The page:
LOS ANGELES — As LeBron James readied himself at the free-throw line late Monday night, Dwyane Wade jokingly made a request he knew would not be fulfilled.
“I asked him to miss one,” Wade said after the last meeting between the close friends and former title-winning teammates. “So I could go down the other end and hit the game-winner.”
James, for all his much-noticed, late-game troubles at the stripe, knocked down both attempts and ultimately steered the Los Angeles Lakers to a 108-105 win at Staples Center.
Wade, on his retirement lap with the Miami Heat, doesn’t think James will miss with his next goal either: the task of bringing a championship to the Lakers.
“They should be very confident in all they have got on that team,” Wade said. “The way (LeBron) is able to make shots and take over a game, it gives you confidence that you have a threat.
“Then there’s (Kyle) Kuzma, Josh Hart is a hell of a player, the right kind of player. Lonzo Ball is the kind of player who doesn’t need to score to have a great game. Experience is a key for them and as the season comes on they will get there.”
The Lakers have yet to put together a perfect game and still have noticeable weaknesses, but they have pieced together a 17-10 record and deserve to be taken seriously in the Western Conference. If anything, their run of 15 wins in the past 20 games while still with much to improve upon is an ominous warning to the rest of the West.
More than anything, though, what will ultimately determine whether James’ move to L.A. is a success is the man himself, and whether he can use his impact and influence to raise another banner. Wade knows just what is possible when James sets his mind to a mission. He saw it in Miami, where he and James won titles in 2012 and 2013.
“He wants to be great,” Wade said. “I know you guys say he is already great. He understands he has unbelievable God-given ability and he wants to make sure he is also in awe. He doesn’t lack when it comes to his preparation, he doesn’t lack when it comes to his greatness and his imprint on the game.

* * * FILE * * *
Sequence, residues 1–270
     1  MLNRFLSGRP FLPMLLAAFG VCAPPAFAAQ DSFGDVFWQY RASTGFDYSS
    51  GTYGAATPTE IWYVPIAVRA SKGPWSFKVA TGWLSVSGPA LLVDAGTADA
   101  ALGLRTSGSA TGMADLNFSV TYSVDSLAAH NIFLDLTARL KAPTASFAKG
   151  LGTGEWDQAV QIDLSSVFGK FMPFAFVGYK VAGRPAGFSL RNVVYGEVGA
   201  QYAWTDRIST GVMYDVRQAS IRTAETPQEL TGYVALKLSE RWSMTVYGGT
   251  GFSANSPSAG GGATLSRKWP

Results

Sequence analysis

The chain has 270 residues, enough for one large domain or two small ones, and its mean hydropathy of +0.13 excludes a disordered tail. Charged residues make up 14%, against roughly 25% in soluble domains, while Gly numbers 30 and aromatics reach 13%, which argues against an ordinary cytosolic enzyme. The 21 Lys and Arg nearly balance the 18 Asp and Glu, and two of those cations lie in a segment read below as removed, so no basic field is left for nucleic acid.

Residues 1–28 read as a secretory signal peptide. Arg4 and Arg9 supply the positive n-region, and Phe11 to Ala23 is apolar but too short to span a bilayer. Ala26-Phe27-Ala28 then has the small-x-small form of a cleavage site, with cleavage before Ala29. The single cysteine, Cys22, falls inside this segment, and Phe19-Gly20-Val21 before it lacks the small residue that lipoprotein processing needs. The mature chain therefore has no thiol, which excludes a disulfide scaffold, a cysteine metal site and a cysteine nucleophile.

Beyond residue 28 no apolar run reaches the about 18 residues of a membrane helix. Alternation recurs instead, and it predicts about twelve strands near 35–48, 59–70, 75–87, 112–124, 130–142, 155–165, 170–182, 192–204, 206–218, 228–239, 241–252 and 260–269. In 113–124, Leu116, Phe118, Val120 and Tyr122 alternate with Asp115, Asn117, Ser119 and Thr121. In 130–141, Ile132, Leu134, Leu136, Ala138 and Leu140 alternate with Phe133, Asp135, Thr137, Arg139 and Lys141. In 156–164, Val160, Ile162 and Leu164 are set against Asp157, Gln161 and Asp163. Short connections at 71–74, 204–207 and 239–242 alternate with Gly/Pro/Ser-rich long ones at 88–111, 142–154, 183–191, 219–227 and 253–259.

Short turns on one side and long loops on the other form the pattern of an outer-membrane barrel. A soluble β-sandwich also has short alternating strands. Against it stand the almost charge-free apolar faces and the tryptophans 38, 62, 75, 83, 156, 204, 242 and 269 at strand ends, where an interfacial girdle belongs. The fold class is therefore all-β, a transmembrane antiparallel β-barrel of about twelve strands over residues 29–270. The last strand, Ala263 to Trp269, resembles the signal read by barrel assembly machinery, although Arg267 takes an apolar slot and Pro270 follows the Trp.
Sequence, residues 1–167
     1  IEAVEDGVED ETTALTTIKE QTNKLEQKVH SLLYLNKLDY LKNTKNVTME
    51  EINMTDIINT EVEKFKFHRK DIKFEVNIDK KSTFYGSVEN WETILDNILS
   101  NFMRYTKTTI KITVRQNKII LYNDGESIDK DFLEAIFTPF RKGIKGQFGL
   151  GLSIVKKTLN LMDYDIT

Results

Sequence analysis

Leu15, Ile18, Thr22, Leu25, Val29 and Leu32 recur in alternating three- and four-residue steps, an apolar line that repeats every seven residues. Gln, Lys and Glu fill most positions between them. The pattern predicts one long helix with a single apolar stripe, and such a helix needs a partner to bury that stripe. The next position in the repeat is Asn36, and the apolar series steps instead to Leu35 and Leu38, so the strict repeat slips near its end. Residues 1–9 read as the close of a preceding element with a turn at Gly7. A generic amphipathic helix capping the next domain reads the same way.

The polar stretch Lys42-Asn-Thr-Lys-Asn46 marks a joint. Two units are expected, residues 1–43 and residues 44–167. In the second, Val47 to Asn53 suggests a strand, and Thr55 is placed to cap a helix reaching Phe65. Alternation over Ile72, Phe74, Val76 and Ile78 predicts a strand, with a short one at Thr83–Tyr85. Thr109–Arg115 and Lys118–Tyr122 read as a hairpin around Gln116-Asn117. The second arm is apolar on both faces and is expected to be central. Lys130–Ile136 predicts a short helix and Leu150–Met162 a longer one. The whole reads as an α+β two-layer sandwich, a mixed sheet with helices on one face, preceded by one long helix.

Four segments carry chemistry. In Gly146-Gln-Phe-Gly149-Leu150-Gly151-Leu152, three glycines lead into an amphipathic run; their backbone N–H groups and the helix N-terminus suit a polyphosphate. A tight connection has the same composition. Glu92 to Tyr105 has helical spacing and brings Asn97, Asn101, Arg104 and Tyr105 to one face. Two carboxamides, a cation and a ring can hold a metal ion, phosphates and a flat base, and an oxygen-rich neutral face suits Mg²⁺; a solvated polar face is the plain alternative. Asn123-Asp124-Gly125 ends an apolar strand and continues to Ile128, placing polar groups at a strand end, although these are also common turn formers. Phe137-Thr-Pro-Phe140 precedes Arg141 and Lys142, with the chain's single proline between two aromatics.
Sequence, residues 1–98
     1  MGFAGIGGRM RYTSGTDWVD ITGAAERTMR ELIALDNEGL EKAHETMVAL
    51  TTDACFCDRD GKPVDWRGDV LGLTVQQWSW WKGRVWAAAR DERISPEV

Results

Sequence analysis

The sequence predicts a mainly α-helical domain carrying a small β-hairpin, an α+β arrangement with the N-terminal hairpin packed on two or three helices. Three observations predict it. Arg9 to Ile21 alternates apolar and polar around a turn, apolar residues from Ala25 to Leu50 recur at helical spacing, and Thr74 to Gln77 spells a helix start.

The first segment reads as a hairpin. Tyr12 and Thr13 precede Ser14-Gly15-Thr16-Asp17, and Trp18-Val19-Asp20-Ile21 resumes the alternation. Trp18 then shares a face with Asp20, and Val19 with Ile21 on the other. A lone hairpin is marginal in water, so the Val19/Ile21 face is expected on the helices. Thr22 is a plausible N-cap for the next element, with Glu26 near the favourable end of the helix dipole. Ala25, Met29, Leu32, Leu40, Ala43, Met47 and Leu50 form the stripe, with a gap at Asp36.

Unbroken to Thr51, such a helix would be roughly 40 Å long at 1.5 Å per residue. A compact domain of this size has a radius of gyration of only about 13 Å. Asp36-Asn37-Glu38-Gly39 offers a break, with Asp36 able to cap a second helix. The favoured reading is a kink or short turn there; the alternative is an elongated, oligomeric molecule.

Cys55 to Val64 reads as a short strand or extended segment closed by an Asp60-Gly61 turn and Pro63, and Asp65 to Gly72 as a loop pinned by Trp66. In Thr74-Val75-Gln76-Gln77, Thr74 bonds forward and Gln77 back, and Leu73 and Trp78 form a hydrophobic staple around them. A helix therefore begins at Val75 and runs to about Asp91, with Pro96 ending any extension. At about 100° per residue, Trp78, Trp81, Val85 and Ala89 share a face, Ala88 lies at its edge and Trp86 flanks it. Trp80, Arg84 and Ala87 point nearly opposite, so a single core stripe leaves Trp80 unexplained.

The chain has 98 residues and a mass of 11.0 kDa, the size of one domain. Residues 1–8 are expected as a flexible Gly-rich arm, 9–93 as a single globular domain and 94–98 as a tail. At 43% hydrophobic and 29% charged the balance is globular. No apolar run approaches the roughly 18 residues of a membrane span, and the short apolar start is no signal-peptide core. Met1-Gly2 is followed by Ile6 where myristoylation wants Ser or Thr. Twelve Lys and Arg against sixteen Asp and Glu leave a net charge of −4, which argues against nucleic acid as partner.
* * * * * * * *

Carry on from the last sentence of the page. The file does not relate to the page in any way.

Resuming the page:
“That’s why he is in the 16th year, and if you didn’t know basketball, you’d think he has just come in the league. He is a special, special player. I am going to be retired so long and he is still (going to be) playing and people are going to forget we were drafted in the same draft. That’s how long he’s going to be around for.”
James cherishes his closeness with Wade for factors that stretch far beyond basketball. He describes his old colleague — with the Heat, two United States Olympic teams and for half of last season with Cleveland — as part of his family.
While the pair first connected at the NBA pre-draft combine in 2003, their bond became unbreakable during James’ four years in Miami, which saw them advance to the Finals four seasons in a row.
“I spent my first 25 years in Akron,” James said. “For me to move down to a place that was foreign to me and my family, for him to open up that city and that franchise to me and make it so seamless – I owe so much to him”
Wade has a home in Los Angeles and James already expects to invite him to workouts once his career concludes at the end of this campaign. With the Lakers expected to make a serious play to add a superstar in the summer in anticipation for a championship push next season, Wade is looking forward to seeing what’s next, sometimes from the courtside seats.
When describing why he thinks James’ move to L.A. will have the desired end result, Wade began by setting out the additional things James has done since the very start of career, tedious attention-to-detail habits of looking after his body and prioritizing physical longevity that few teenagers have the mind for.
But really, there is just one reason why he thinks his friend’s latest career move will end in triumph.
“It’s LeBron James, man,” he said.
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